[ssf] Fwd: RE: [Bitpart] events upcoming

Alan Dawson aland at burngreave.net
Fri Jun 3 10:34:50 BST 2005


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Reply-To: Burngreave IT Partnership <bitpart at burngreave.net>
 Subject: RE: [Bitpart] events upcoming
      To: Burngreave IT Partnership <bitpart at burngreave.net>


> Anybody going to.....


Technology and Social Action:
Designing a future

Sheffield, UK, June 20 & 21, 2005


Citizen involvement in civil society goes far beyond just voting. Social
action takes effect by capturing the imagination of
individuals, engaging in dialogue, galvanizing direct collective effort and
bringing about change. Trade unions, residents'
associations, environmental and development groups, voluntary & community
organisations, campaigns for freedom of speech or human rights: all express
the vital role of social action in society.

The global diffusion of communication technologies in society has changed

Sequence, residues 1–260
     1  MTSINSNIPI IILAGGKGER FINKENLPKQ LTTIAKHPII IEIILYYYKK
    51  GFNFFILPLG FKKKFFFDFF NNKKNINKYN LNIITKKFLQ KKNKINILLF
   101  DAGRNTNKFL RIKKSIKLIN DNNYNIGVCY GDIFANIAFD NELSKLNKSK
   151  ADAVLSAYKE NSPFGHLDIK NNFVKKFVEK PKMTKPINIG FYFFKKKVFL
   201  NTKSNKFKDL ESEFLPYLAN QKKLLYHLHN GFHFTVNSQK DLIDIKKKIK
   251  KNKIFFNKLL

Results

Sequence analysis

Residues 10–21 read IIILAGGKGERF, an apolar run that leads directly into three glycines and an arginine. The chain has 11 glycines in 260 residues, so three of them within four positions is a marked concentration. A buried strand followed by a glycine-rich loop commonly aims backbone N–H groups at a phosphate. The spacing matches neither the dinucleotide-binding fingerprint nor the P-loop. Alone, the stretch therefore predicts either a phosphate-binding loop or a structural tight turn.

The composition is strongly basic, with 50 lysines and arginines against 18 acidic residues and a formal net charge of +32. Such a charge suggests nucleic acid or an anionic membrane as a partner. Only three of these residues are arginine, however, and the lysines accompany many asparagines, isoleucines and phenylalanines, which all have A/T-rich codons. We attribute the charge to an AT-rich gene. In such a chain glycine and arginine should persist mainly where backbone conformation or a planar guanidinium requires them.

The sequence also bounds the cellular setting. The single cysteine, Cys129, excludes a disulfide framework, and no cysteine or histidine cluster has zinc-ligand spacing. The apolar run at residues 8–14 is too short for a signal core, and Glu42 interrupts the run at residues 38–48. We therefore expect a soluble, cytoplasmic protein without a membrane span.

the speed with which situations of social need are
noticed, and the ability of social actors to respond. Logistics and
coordination within and between groups benefits from
technologies, from mobile phones and email, from a simple spreadsheet, to
complex project management software. How can
technologies and organisations be designed to facilitate effective social
*	How can individuals and organisations (NGOs) maximise their benefit from
technologies: e.g. online networks, electronic
petitions, (e-)participation, online fundraising, organisational learning
and development?
*	What risks accompany the promise of technology to serve social action? How
can organisations respond to the different
technical experience of different members?
*	How do technologies relate to organisational aims and open democratic
*	How can emerging social technologies (blogs, wikis, social bookmarking
etc.) be used to promote effective knowledge
sharing and networking for positive change?